A Missing Easter Basket :: Ugly Truths of Grief


A Missing Easter Basket

I always dreamed of being a mom. I dreamed of holding my precious kiddos and watching them grow. What I never imagined was that one of them would never come home with us; I never imagined that one of them wouldn’t have the chance to grow.

It’s been almost five years since we lost our son; five years since stillbirth shook our family to the core. We’ve learned to see and embrace the beauty of his life. I talk about him often and I can now do so without crying most of the time. But every once in awhile, his death hits me like a semi-truck that appeared out of nowhere. Grief is funny like that.

Browsing items for Easter baskets for our two girls brought the hard truth that our home will always have a missing Easter basket. There are little candies and toys that we will never buy for a basket that won’t sit between the baskets of our daughters. But one thing I’ve learned in the path of being a bereaved mother is that I can still parent him in his absence. However, how I do that is ever-changing, and the challenge is always searching my heart for what that looks like in each moment and at each milestone.

The world loves to dish out parenting advice. Everywhere you look, there is no shortage of parenting advice on every single topic that you can imagine. Often, we are even hit with copious amounts of unsolicited advice that we’d prefer not to have to deal with. But the last few years have taught me that there’s no parenting book that tells you how to parent a child that has died. There’s no “What to Expect When You’re No Longer Expecting” because it’s a topic most would rather not talk about. Unfortunately, that’s not a choice that a grieving parent gets to make; we have to live it every single day.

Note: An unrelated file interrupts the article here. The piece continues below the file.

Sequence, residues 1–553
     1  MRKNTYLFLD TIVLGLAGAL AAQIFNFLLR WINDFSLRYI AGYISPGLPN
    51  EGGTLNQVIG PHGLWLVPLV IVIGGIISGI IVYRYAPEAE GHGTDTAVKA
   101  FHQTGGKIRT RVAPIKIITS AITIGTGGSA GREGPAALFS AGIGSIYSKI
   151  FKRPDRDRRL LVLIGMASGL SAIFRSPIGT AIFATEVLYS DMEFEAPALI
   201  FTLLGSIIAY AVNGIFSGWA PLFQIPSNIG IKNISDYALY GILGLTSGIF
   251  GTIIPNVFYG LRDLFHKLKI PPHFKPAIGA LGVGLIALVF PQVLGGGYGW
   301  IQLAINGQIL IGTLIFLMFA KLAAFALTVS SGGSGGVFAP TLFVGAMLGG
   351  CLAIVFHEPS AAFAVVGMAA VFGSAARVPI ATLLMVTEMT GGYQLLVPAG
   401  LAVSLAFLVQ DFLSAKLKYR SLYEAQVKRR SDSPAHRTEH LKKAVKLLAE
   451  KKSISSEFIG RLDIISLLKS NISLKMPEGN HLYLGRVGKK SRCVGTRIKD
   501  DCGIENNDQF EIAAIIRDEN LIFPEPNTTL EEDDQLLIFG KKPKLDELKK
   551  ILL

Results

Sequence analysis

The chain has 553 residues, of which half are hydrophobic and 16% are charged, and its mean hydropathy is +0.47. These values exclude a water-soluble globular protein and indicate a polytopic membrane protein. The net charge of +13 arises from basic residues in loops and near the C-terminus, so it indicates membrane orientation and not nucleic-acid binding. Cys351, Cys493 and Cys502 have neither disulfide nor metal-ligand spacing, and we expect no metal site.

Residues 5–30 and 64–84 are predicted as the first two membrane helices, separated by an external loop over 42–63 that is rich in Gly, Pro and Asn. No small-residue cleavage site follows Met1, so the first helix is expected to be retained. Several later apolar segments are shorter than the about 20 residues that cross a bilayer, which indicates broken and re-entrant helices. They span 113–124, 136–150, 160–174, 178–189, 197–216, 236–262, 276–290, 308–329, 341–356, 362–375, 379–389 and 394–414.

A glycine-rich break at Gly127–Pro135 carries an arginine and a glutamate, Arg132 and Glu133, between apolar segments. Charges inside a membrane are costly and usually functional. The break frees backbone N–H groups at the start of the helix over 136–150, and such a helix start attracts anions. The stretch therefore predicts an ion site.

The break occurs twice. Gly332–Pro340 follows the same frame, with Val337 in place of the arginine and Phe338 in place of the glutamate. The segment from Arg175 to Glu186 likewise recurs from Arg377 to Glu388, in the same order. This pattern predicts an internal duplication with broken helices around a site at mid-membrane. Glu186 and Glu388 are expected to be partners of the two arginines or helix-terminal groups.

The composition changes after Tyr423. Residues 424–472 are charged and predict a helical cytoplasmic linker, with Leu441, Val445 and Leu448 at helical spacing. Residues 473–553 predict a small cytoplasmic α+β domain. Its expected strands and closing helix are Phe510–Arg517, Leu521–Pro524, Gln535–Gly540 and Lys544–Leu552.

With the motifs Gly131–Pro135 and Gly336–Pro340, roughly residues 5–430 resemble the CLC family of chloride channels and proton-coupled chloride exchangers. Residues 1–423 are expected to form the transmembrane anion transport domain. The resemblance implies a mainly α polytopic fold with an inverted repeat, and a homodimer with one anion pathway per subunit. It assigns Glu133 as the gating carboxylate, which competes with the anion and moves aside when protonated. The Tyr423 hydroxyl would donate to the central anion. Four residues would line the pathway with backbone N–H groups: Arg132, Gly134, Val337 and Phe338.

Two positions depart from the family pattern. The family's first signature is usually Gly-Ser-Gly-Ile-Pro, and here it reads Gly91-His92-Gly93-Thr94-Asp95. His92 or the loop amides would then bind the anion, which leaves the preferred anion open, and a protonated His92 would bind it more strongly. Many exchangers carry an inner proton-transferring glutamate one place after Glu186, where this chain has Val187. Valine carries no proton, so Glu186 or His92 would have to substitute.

So, grieving Momma, I see you. I see your hurting heart when you buy one less chocolate bunny and one less package of plastic eggs for a school Easter egg hunt. I see the tear in your eye when you try to imagine their excited face, missing on Easter morning. I see you missing them. I see you. Speak their name if you want. Memorialize them in whatever way helps your grieving process in this moment. Wherever you are this holiday is exactly where you should be. The role of a bereaved parent is not an easy one. So, as Easter approaches and emotions run high, grant yourself some grace, precious Momma.  


  1. Bereaved parenting is always so complicated. It’s a community no one wants to be a part of, but I’ve met some of the most amazing people through our own loss experience. Of course, as you know, we would trade any of it to have our baby back, but if we have to walk this road, I’m glad some of the strongest and most beautiful people I know came into our lives along the way.

  2. My son should be starting kindergarten this fall and I’m already dreading it…I feel like it’s the hardest missed milestone since his first birthday. So many people don’t realize that when you lose a baby you also lose all of the milestones and hopes and dreams and future which causes grief to flare up when you least expect it to. Thanks for writing a post that grieving parents can relate to this weekend.

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